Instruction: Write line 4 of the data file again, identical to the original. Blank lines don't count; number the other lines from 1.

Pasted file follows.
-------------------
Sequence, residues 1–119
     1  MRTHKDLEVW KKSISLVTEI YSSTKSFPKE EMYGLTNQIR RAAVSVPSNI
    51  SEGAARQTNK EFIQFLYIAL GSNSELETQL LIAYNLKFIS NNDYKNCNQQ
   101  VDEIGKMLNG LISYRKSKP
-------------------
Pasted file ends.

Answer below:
   101  VDEIGKMLNG LISYRKSKP